The images above are the best from a series of the same scene to discount things such as miss focus ar general software screw ups, ie, these are the best it could do for a given scene. Images from the Evo seem sharper and have more contrast. They simply look better. The Evo camera with stock firmware has a devil of a time locking focus accurately on a subject if theres something else of no interest in the back to focus on instead. I worked around this by touching the point i want to focus on the display and holding until the image was taken. Seems to work consistently enough instead of hoping the AF would lock on something of interest other than the wall in the back.

Heres the thing. If you own an Evo and you get washed out photos of subjects, ie people, because the flash was fired too brightly… thats because the camera locked focus behind the subject and calculated the flash power for the distance to the locked focus point. Im guessing all these engineers are way to young to remember good old auto mode on flash units that simply cut the flash when the flash sensor received enough light in return. Sounds old fashioned instead of calculating distances, but hey, it worked. You may want to look at non flash photos taken by the Evo.. while they may look ok in a lower resolution, zoom in at full rez and you’re going to find the subject soft as it miss focused on the background somewhere. Until theres a firmware fix, use the work around I mentioned above.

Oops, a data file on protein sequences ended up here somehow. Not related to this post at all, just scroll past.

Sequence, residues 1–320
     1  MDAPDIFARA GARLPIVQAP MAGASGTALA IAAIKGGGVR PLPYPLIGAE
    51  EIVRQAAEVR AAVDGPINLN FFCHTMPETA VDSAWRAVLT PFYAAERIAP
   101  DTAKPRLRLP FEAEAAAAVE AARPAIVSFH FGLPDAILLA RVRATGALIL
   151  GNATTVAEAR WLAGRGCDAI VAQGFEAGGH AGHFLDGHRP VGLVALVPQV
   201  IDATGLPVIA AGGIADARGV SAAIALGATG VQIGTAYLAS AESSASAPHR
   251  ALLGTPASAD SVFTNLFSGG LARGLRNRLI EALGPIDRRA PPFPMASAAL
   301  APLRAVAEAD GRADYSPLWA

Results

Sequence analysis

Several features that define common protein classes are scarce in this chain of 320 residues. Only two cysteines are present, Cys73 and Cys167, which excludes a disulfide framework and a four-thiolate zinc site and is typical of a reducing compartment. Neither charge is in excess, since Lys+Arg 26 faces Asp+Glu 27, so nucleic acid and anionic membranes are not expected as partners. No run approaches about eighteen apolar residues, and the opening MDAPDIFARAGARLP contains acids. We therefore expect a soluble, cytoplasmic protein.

The Epic gets a dedicated two stage shutter button that is sorely missing on the Evo. I mean, what were you thinking HTC?? Common! At least they didnt forget it on the new Evo 3D!